29 August 2019

Albania’s first synagogue
was built by an early
Balkan-Jewish community

Albania’s first synagogue, built in Onchesmos or Saranda in the fourth or fifth century (Photograph: Patrick Comerford, 2019)

Patrick Comerford

I spent most of Wednesday [28 August 2019] in Albania, visiting the coastal town of Saranda, about 14 km across the Ionian Sea from Corfu. I was on my way to the remains of the ancient city of Butrint, a UNESCO World Heritage site.

It was 13 years since I visited Saranda and Butrint in 2006, and it is so obvious today that Saranda is experiencing a steady growth in the tourist sector. Saranda is known for its archaeological sites, and also has a large Greek population and is seen as one of the two centres of the Greek minority in Albania.

Saranda derives its name from a Byzantine monastery, Agioi Saranda (Άγιοι Σαράντα), meaning the ‘Forty Saints,’ in honour of the Forty Martyrs of Sebaste. Under Ottoman rule, it became known in Turkish as Aya Sarandi and then Sarandoz.

Because of Venetian influence in the region, it often appeared under its Italian name Santi Quaranta on Western maps. During the Italian occupation of Albania in World War II, Mussolini changed the name to Porto Edda, in honour of his eldest daughter. Following the restoration of Albanian independence, the city once again became Saranda.

But in antiquity, the city was known by the Classical Greek name of Onchesmos (Ὄγκησμος). It was a port-town of Chaonia in ancient Epirus, opposite the north-west point of Corfu) Corcyra, and the next port along the coast to the south of Panormus.

Two mosaic pavements point to the presence of one of the earliest Balkan-Jewish communities (Photograph: Patrick Comerford, 2019)

On my return from Butrint on Wednesday afternoon, I spent some time in Saranda at the site was the home to Albania’s first synagogue, built in Onchesmos in the fourth or fifth century. It is thought that it was built by the descendants of Jews who arrived on the southern shores of Albania around 70 CE, following the destruction of the Temple in Jerusalem.

This was one of the earliest Balkan-Jewish communities. However, the synagogue in Onchesmos did not last long, and was supplanted by a church in the sixth century.

The ruins of the fifth-century synagogue in the heart of Saranda, close to the city hall, have been excavated by archaeologists in recent years. There are four floor mosaics, which are normally covered with sand to protect them, although there are photographs on the walls.

The first excavations at the site were conducted 35 years ago in 1984, when Albania was under the strict rule of Enver Hoxha’s Communist regime. However, the remains of the synagogue only came to light in recent years during joint excavations carried out by the Albanian Academy of Sciences and the Hebrew University Institute of Archaeology.

The archaeologists found that the synagogue underwent various periods of use, including its conversion into a church at its last stage. Particularly noteworthy among the finds are two mosaic pavements. At the centre of one of them is a menorah or seven-branched candelabrum, flanked by a citron or lemon, as well as a ram’s horn – all symbols associated with the Jewish holidays.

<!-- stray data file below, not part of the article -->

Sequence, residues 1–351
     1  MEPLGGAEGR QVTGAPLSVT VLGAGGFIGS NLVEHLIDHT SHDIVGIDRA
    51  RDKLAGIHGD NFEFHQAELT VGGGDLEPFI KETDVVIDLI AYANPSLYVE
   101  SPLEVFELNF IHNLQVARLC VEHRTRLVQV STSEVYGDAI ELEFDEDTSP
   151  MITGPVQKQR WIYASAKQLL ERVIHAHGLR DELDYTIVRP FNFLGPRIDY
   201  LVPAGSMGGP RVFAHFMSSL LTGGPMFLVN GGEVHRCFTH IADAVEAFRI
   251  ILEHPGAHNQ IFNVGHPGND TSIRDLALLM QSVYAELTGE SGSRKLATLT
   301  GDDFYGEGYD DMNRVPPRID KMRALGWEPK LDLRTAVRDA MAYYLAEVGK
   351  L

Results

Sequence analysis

The other mosaic pavement includes a variety of animals, trees, and symbols alluding to Biblical lore.

The archaeologists also found a structure that may have been the aron hakodesh or holy ark to hold the Torah scrolls.

The archaeologists also found other mosaic pavements that pre-date the building of the synagogue. These old ruins represent what was once a community centre and old school used for Bible studies. During the sixth century, the buildings were converted into a basilica, but this was later destroyed, either by an earthquake or by Slavic invaders.

Although there are official opening times and entry fees, the gates were left open yesterday, but there was nobody there to charge for admission or to show me around. In coming years, archaeologists hope to continue excavations and investigate other parts of the synagogue that remain covered by modern buildings and streets.

Archaeologists hope to continue excavations and investigate other parts of the synagogue site now covered by modern buildings and streets (Photograph: Patrick Comerford, 2019)

Four Irish politicians
in 19th century Corfu:
1, Sir Richard Church

Corfu depicted on a painting in the Blue Sea Hotel in Agios Georgios (Photograph: Patrick Comerford)

Patrick Comerford

Four Irish politicians and administrators played key roles in shaping 19th century political life in Corfu: Sir Richard Church (1784-1873) from Cork; Sir Charles Napier (1782-1853) from Celbridge, Co Kildare; George Nugent-Grenville (1789-1850) from Co Westmeath, 2nd Baron Nugent of Carlanstown; and John Young (1807-1876) from Balieborough, Co Cavan, later Lord Lisgar.

Sir Richard Church (1784-1873), who has been described as the ‘liege lord of all true Philhellenes.’ This forgotten Irish hero is commemorated in windows and memorials in Saint Paul’s Anglican Church in Athens, where a plaque claims he won the affection of the people of Greece ‘for himself and for England.’ Yet Church was Irish-born and his commitment to Greece owed much to his faith as an Anglican.

Church was born in Cork into a Quaker merchant family. In his youth, he ran away to join the army. His Quaker parents were disowned or excommunicated for buying him a commission and so they became Anglicans. He arrived in Greece in 1800 as a 16-year-old ensign serving under Sir Hudson Lowe from Galway. Lowe, who is remembered as Napoleon’s jailer, was the second-in-command in the expedition to the Ionian Islands.